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How to Use xgboost.plot_tree()

Visualizing individual decision trees in an XGBoost model provides valuable insights into the model’s decision-making process.

XGBoost’s plot_tree() function allows you to easily visualize a specific tree from the trained model.

The plot_tree() function requires that the graphviz project is installed and that the graphviz Python module is installed. This can be achieved using your preferred package managers, such as homebrew and pip.

For example:

# install graphviz project
brew install graphviz
# install graphviz Python module
pip install graphviz

In this example, we’ll demonstrate how to use plot_tree() with a real-world dataset and interpret the resulting visualization.

from sklearn.datasets import load_iris
from sklearn.model_selection import train_test_split
import xgboost as xgb
import matplotlib.pyplot as plt

# Load the Iris dataset
data = load_iris()
X, y = data.data, data.target

# Split the data into train and test sets
X_train, X_test, y_train, y_test = train_test_split(X, y, test_size=0.2, random_state=42)

# Create DMatrix objects
dtrain = xgb.DMatrix(X_train, label=y_train)
dtest = xgb.DMatrix(X_test, label=y_test)

# Set XGBoost parameters
params = {
    'objective': 'multi:softmax',
    'num_class': 3,
    'max_depth': 3,
    'learning_rate': 0.1,
    'subsample': 0.8,
    'colsample_bytree': 0.8,

# Train the XGBoost model
model = xgb.train(params, dtrain, num_boost_round=50, evals=[(dtest, 'test')])

# Plot a specific tree from the model
tree_index = 0
xgb.plot_tree(model, num_trees=tree_index)

The plotted tree may look as follows:

xgboost plot tree

In this example, we load the Iris dataset using scikit-learn’s load_iris() function. We split the data into train and test sets and create DMatrix objects for XGBoost. We set the XGBoost parameters for a multi-class classification problem and train the model using xgb.train().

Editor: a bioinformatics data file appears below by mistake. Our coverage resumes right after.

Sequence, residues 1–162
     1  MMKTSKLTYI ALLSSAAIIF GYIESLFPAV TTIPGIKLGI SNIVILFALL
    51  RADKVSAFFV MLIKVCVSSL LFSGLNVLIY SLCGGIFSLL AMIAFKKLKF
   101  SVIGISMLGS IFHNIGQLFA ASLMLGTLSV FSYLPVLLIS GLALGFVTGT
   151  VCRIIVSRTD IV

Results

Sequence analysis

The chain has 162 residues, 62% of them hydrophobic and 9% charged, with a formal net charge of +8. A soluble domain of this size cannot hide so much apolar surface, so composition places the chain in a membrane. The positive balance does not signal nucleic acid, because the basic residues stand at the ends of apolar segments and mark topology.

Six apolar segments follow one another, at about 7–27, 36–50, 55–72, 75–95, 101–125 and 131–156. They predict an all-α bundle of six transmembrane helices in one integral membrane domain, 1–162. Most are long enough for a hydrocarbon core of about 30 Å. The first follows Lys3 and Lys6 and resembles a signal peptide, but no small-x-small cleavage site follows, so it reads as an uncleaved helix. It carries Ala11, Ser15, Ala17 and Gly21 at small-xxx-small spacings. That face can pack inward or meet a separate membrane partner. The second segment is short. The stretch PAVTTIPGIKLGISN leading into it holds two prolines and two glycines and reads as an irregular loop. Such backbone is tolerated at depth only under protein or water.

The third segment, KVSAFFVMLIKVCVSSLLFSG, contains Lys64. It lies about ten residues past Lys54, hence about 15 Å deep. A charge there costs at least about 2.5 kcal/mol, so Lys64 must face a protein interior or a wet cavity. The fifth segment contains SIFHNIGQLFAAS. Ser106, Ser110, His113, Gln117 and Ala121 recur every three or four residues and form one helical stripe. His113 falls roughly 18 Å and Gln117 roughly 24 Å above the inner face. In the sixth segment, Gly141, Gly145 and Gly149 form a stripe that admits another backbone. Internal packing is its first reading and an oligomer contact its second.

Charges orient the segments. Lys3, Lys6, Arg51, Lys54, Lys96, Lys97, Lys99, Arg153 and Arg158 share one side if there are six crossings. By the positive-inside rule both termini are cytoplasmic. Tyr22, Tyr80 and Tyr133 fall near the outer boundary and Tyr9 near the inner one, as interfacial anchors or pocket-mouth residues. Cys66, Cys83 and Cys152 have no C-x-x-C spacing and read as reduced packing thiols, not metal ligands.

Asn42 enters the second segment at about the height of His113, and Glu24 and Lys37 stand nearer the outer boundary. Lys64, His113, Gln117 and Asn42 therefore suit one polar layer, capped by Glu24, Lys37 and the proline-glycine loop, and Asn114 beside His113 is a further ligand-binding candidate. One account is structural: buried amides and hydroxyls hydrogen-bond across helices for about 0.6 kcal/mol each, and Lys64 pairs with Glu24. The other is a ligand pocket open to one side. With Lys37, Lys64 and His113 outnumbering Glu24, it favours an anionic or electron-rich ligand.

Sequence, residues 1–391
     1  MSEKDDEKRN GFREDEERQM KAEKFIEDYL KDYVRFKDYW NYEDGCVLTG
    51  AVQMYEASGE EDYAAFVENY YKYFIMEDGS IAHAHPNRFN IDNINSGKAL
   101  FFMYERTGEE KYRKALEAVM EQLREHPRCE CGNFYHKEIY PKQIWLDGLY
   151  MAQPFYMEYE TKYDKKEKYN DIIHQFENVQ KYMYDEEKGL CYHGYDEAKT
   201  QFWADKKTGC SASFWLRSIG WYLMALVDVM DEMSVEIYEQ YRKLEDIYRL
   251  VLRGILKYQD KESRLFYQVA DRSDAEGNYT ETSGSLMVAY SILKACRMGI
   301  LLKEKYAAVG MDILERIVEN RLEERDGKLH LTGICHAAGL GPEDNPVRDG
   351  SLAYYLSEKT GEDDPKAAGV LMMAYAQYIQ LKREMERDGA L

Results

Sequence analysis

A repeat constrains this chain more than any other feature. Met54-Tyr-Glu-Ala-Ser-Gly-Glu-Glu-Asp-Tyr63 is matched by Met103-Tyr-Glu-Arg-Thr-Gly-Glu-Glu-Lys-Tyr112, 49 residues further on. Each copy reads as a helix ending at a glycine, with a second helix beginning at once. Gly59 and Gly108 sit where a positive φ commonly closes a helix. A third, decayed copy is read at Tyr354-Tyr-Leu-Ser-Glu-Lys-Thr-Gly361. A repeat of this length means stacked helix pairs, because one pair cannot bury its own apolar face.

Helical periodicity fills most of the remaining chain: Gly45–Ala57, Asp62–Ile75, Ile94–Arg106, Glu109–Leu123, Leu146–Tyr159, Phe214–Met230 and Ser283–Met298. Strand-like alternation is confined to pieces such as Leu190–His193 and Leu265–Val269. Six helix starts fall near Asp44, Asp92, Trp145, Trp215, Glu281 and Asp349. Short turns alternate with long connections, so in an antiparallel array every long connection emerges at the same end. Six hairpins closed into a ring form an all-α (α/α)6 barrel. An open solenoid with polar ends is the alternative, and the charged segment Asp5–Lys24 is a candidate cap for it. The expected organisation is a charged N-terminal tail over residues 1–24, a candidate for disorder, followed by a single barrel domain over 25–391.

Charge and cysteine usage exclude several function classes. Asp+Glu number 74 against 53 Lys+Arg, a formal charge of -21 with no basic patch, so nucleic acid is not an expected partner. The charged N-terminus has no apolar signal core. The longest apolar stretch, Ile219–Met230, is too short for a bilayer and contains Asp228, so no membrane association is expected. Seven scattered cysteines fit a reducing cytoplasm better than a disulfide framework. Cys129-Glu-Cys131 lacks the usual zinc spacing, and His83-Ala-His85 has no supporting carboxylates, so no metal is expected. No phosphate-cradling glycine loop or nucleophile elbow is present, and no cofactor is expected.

To visualize a specific tree from the trained model, we use the plot_tree() function. By default, plot_tree() plots the first tree (index 0). You can specify a different tree by setting the num_trees parameter to the desired tree index.

The resulting plot displays the structure of the selected decision tree. Each node represents a feature and a split point, while each leaf node represents a predicted class or value. The color of the nodes indicates the majority class at that node, and the intensity of the color represents the purity of the node.

You can customize the plot by passing additional arguments to plot_tree(). For example, you can change the orientation of the tree by setting rankdir='LR' for left-to-right orientation or rankdir='TB' for top-to-bottom orientation:

xgb.plot_tree(model, num_trees=tree_index, rankdir='LR')

Interpreting the decision tree visualization can provide insights into how the model makes predictions. By examining the split points and the paths from the root to the leaves, you can understand which features are most important for the model’s decision-making process.

Visualizing decision trees using plot_tree() is particularly useful when working with small to medium-sized trees. For larger trees or complex models, the visualization may become cluttered and difficult to interpret. In such cases, it’s recommended to use other interpretability techniques like feature importance plots or SHAP values to gain insights into the model’s behavior.

See Also